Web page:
Attorney General Healey: No time to let up in combating opioid crisis
PITTSFIELD >> During a stop in the Berkshires, Attorney General Maura Healey on Thursday urged a continued hard focus on treatment, enforcement, legislative and other initiatives to combat opiate abuse and overuse of prescription pain medications.
"It is such an important issue," Healey said of rising opioid addiction rates, which in 2014 led to an estimated more than 1,200 unintentional overdose deaths in the state. While progress has been made, she said, "I don't think we've seen its zenith."
One positive development, Healey said, was passage of a bill in November that specifically criminalized trafficking in the synthetic opioid fentanyl, adding 10 years to the maximum prison term. Healey, in proposing the legislation earlier this year, called for a statute similar to trafficking laws covering heroin, cocaine and other drugs, which had not been in place for fentanyl.
Yet, she said fentanyl can be made 50 to 100 times more potent than heroin and is sometimes mixed with heroin, thus contributing to the soaring number of overdose deaths in Massachusetts.
A multi-part legislative proposal by Gov. Charlie Baker to provide more funding for treatment for addiction and related initiatives is still before lawmakers, as are other initiatives proposed in the House and Senate. Healey said it is important that lawmakers go to work again on those bills in January.
"That should be the first order of business after the [holiday] break," she said.
The attorney general co-chaired a task force earlier this year that made a series of recommendations that were incorporated into Baker's proposals to combat opioid abuse and addiction. One aspect calls for closer monitoring of proscriptions for potentially addictive pain medications, like oxycodone.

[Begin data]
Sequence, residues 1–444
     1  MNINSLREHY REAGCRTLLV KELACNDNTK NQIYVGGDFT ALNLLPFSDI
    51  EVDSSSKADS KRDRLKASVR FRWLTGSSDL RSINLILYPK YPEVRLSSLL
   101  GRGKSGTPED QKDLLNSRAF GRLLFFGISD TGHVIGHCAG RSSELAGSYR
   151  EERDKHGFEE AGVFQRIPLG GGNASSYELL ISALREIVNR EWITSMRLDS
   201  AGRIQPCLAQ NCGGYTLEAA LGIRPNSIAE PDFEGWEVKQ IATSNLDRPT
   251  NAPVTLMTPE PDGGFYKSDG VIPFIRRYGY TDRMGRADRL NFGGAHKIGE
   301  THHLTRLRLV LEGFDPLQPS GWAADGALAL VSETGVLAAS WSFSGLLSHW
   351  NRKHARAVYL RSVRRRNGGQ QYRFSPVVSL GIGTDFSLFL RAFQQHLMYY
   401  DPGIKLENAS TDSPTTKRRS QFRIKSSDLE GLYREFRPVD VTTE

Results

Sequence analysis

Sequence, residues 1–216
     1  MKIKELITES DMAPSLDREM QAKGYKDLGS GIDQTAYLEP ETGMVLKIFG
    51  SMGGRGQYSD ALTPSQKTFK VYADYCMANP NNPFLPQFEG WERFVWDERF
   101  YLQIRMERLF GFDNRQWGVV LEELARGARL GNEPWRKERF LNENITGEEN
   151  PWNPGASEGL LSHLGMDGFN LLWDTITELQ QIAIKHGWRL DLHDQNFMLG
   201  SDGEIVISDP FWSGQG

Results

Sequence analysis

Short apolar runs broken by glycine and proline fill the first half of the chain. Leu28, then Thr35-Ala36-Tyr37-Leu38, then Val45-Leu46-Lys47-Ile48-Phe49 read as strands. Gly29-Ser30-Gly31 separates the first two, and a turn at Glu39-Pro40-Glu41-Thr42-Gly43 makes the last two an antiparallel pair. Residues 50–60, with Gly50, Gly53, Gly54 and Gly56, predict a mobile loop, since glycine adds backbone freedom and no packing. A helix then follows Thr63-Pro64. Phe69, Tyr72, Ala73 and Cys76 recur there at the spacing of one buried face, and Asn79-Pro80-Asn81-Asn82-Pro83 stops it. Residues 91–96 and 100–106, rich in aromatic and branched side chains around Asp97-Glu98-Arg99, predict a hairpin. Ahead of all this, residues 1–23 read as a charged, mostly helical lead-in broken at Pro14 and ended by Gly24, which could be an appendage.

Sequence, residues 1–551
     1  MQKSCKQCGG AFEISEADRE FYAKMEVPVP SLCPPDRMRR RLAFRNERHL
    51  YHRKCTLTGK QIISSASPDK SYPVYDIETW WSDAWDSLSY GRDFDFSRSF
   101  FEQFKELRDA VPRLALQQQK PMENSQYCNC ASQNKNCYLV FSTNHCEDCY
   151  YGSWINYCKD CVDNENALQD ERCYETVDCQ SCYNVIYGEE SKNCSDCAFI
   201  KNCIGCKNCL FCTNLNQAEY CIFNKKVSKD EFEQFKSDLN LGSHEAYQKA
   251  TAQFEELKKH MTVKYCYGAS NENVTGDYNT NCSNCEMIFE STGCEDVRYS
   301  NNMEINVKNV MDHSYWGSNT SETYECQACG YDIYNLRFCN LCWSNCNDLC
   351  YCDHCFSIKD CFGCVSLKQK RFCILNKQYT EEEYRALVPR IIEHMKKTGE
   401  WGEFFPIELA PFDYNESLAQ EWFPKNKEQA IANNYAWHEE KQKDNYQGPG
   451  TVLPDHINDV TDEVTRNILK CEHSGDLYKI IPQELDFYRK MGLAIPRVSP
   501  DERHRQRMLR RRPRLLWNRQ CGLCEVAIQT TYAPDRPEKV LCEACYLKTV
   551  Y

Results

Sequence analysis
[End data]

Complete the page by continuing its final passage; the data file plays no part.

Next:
Berkshire District Attorney David F. Capeless is among officials who have called for greater regulation of prescriptions for powerful medications.
Reflecting her close involvement with the issue, Healey provided some sobering statistics, such as that four of five people addicted to opioids started out on prescription drugs, and an estimated 250 million prescriptions for pain medications were written in the United States last year.
She also stressed the importance of education on the dangers of addiction and having an awareness "of what a pill happy culture we are."
Her office is also looking at the pricing practices companies use to set prescription drug prices, sometimes reaching out to the manufacturers. In one instance related to the opioid crisis, she said the rising price of Narcan, which is used to treat drug overdose victims, was stabilized through a bulk purchase agreement for Massachusetts communities she worked out with the manufacturer, Amphastar Pharmaceuticals.
The price of Narcan had risen at the same time the opioid addiction and overdose crisis was escalating in the region, prompting an outcry.
Opioid addiction also has "cut all across our culture," she said, ruining the lives of people from all social and economic classes.
Healey said the high cost of many prescription drugs, as well as advertising practices of pharmaceutical firms is another focus of her office, although she said that problem will also require action on the federal level.
She said her office has been working with U.S. Sen. Elizabeth Warren, D-Mass., on that and other issues.
An opponent of legalizing recreational use of marijuana — the aim of a proposed ballot initiative that could go before voters next year — Healey said her staff is reaching out to contacts in states that have legalized its use to learn about their experiences and concerns. She said that if a ballot initiative is passed, she wants to be able to weigh in on the regulatory structure for legalizing marijuana.
"I think a regulatory response around this is really important," she said.
Clarifying her position on marijuana, Healey said she supported legalizing medical marijuana and supported decriminalization for possession of small amounts of the drug while opposing mandatory prison sentences for possession.
"But I draw the line on recreational marijuana," she said. "I don't think people understand the implications, particularly for young people. We ought to go slow here."
In opposing legalization of recreational marijuana, Healey is expected to be joined by Baker, Boston Mayor Martin Walsh and the Massachusetts Medical Society, all of whom have taken a stand against legalizations.
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